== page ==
For centuries philosophers have debated on monism and dualism, two different philosophical views of the human person. Philosophers have been trying to decipher whether the person is made up of the mind, the body, or both. Monists hold the belief that existence is purely based upon one ultimate "category of being" this means that either the person is made up of only the body or only the mind (Morris p 155). Dualists hold the belief that existence is based upon the body as well as the mind and its mental properties (Morris p 155).

There are two basic types of monism. The first view is materialism, which states, "All that exists is matter, configured into material objects" (Morris p 155). In other words materialists believe everything that exists is purely physical. Materialists believe that existence is only based on the body. This leads to the materialist assumption that people do not exist with their mind, soul or spirit (Morris p 155). The essence of the materialist view is that a human being is made up of and functions by means of matter and every action or thing has physical means that it exists upon.

"All things, no matter how many or of what variety, can be reduced to one unified thing in time, space, or quality" (Encyclopedia of Philosophy-Monism). There are different renditions of materialism known among modern philosophers. One rendition of materialism is called eliminative materialism. Eliminative materialism implies that there are no such things as thoughts, pains, and feelings but that our brain is simply made up of events that cause these emotions (Morris p 159). For example, if a person puts their hand on a hot stove and jumps, the cause of that jump was the brain and not the stove. Another rendition of materialism is known as reductive materialism.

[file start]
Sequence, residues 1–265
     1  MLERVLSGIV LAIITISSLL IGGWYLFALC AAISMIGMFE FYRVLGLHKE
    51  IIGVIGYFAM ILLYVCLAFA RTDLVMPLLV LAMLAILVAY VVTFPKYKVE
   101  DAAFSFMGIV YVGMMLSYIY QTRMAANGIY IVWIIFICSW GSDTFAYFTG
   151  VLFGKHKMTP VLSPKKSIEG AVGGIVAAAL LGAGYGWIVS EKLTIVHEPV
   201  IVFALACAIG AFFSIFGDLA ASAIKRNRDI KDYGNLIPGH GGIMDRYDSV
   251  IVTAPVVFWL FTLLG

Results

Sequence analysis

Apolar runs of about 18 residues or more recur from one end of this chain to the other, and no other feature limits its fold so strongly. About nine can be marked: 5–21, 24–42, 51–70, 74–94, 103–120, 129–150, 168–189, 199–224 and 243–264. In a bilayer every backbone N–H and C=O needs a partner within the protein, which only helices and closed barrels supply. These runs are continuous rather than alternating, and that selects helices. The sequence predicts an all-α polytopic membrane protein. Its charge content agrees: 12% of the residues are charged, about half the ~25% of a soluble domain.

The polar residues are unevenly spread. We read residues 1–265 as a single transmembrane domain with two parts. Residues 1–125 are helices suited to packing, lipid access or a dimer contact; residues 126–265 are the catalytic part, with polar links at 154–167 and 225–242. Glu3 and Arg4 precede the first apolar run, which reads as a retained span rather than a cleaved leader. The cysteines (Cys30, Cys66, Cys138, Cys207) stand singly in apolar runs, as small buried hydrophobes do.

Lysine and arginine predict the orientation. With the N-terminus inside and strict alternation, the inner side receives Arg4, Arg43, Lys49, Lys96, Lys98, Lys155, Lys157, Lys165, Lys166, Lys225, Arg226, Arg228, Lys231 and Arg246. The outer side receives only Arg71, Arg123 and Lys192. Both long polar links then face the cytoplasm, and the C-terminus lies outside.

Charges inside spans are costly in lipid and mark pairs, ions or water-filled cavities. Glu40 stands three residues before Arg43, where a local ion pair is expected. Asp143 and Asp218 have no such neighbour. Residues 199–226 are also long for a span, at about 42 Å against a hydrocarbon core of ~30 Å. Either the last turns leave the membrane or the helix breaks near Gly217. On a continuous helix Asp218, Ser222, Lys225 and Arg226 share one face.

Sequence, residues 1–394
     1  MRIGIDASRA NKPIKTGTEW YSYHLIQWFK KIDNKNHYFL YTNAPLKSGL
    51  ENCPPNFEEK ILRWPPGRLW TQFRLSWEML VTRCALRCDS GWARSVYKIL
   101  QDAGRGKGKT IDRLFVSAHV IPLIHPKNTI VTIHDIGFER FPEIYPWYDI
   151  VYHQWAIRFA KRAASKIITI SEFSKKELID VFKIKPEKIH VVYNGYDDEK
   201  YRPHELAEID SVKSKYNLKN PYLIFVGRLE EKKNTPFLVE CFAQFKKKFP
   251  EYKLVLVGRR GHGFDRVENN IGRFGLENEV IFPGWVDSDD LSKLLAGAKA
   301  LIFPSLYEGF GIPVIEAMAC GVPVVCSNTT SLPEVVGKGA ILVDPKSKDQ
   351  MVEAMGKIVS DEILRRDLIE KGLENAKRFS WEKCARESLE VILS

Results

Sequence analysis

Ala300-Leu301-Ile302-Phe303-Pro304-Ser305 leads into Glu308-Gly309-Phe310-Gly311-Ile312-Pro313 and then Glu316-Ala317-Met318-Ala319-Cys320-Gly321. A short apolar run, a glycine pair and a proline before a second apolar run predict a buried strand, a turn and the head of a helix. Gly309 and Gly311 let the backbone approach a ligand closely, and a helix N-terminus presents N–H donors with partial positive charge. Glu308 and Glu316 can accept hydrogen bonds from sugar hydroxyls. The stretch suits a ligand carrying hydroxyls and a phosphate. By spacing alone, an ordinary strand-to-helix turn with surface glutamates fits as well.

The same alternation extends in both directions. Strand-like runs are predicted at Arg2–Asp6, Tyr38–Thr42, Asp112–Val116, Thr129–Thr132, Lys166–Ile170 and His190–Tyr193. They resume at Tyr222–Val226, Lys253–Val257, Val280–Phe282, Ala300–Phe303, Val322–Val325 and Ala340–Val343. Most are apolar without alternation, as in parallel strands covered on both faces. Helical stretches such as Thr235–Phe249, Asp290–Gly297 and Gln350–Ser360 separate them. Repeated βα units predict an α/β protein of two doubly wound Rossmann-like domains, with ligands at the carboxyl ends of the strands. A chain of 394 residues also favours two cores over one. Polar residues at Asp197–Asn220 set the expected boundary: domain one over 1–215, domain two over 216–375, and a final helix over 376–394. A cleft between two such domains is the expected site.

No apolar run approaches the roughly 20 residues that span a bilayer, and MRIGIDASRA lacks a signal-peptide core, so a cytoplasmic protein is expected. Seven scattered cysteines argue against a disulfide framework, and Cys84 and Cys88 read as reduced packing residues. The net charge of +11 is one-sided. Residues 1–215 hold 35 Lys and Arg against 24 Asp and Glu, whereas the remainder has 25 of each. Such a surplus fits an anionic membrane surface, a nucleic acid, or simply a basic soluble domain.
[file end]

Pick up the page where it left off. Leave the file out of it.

Contrary to the belief of eliminative materialism, reductive materialism illustrates that sensations such as feelings do exist, and that brain events are the cause of those thoughts, pains, and feelings (Morris p 159). Another form of monism is called idealism. Idealism is a form of monism that proposes the idea that everything is based on the mind or mentality of a person and nothing exists outside of our mind. "The theory is that all that exists is the product of minds or ideas, that physical objects have no existence outside of the mind that is conscious of them" (Xrefer- Monism).

Idealism is simply stating that what we see is merely contributed to our mind and nothing else. In other words, physical things are actually mental and everything is based on the mind. For example, when a person sees a tall tree, the tree does not really exist it is just a picture in their mind. Idealism is not common among modern philosophers because idealists don't have any solid facts for their argument that we exist with only our mind and what our mind produces (Morris p 159). Another argument is that if the tree is a picture in a person's mind then how come another person can see the exact same picture? One type of monism is neutral monism. Neutral monism concludes that neither mental nor physical properties are attributed to reality but rather a substance called neutral stuff (Encyclopedia of Philosophy-Monism).